Re: Ch. 7 - Descent

Man, rereading this is so much easier than editing my own novel. Bah, editing. Much better to do it for others. I am discovering little patience for it for my own work in myself. And so, I contribute this: They were all half-breeds, with Gondorian sires and a Haradic mother. To provide a cover for collecting the southern information, Denethor visited the house several every month or two, whether or not there was news. "visited the house several every month" is lacking a noun somewhere. I assume there was supposed to be a "times" in there.

 

 

Re: Ch. 7 - Descent

Oh my, an explanation of the river defense! The kinships are a little confusing but I could work them out eventually. But this: Ecthelion did not precisely approve of his Captain-General’s plan, but neither did he forbid it. Five years into laying the foundation for the new strategy, however, Belemir young of ague. Boromir became Captain-General, and Denethor was made Captain of Osgiliath. It took five more years of planning, with many set-backs and skirmishes, but they retook the ruins. "Belemir young of ague" is missing a verb, presumably "died"... And this one, which I don't know whether was changed or not: There was a prickle along his spine and he slowly examined the surrounding land, watching for motion. He silently took an arrow from the quiver, green feathers black on the starlight, and nocked it. On the starlight or in the starlight? -- dl7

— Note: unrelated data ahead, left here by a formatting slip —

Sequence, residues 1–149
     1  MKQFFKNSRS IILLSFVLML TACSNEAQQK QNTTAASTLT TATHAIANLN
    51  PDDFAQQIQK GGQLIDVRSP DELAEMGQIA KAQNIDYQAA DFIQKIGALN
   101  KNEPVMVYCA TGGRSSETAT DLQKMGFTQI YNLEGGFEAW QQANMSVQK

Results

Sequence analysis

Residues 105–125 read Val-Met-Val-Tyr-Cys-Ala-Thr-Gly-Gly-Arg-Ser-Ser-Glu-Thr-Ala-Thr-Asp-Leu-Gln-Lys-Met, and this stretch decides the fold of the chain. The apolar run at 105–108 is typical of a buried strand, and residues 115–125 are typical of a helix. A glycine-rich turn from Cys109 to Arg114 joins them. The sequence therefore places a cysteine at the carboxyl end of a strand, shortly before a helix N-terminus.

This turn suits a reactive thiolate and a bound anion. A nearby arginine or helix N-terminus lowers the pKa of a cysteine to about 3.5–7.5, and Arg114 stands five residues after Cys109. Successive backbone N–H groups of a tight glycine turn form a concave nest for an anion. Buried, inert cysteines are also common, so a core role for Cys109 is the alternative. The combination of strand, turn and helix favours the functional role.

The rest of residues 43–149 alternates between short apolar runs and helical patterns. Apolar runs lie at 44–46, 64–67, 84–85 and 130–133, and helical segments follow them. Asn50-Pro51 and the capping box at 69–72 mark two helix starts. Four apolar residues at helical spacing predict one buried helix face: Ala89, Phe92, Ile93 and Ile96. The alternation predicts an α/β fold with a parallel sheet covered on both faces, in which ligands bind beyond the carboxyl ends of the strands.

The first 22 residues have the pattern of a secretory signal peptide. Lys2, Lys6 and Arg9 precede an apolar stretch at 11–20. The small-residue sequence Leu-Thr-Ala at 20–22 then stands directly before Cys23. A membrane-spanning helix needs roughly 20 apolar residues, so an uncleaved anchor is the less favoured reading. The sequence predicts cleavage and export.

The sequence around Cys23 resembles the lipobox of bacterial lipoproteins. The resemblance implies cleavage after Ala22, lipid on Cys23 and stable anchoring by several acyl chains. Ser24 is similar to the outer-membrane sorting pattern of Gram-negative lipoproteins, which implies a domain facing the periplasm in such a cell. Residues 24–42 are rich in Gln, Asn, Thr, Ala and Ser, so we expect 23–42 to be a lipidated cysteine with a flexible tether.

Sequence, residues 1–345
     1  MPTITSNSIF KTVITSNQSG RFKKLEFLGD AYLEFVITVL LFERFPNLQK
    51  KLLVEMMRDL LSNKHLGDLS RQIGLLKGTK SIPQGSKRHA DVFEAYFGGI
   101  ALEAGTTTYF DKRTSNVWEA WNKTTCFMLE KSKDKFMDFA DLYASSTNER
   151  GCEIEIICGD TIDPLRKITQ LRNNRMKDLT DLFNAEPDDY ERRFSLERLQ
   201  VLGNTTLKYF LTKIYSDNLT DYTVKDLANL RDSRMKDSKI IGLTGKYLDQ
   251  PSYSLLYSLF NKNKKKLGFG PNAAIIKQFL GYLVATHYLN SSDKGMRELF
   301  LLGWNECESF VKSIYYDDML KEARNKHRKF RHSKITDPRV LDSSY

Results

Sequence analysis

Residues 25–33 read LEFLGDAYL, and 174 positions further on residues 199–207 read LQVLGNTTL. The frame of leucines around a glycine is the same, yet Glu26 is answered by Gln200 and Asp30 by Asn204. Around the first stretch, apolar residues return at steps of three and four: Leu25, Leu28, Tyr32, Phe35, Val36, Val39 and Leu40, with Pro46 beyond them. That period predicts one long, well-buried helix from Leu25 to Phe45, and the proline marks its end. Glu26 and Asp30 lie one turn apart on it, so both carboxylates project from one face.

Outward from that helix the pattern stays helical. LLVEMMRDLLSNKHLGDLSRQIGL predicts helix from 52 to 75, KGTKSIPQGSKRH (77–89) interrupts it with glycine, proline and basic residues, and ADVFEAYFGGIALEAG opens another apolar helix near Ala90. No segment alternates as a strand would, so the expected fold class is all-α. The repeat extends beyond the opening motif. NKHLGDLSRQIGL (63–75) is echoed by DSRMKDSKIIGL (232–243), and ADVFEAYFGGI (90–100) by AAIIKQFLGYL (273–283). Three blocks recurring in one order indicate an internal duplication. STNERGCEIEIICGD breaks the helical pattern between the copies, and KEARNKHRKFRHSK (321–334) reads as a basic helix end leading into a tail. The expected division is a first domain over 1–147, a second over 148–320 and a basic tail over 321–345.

In Forums

Discussion Info

Intended for: General Audience

This forum is open to all HASA members. It is read-only for the general public.

Membership on HASA is free and it takes only a few minutes to join. If you would like to participate, please click here.

If you are already a member, please log in to participate.

« Back to Hands of the King

Stories linked to the forum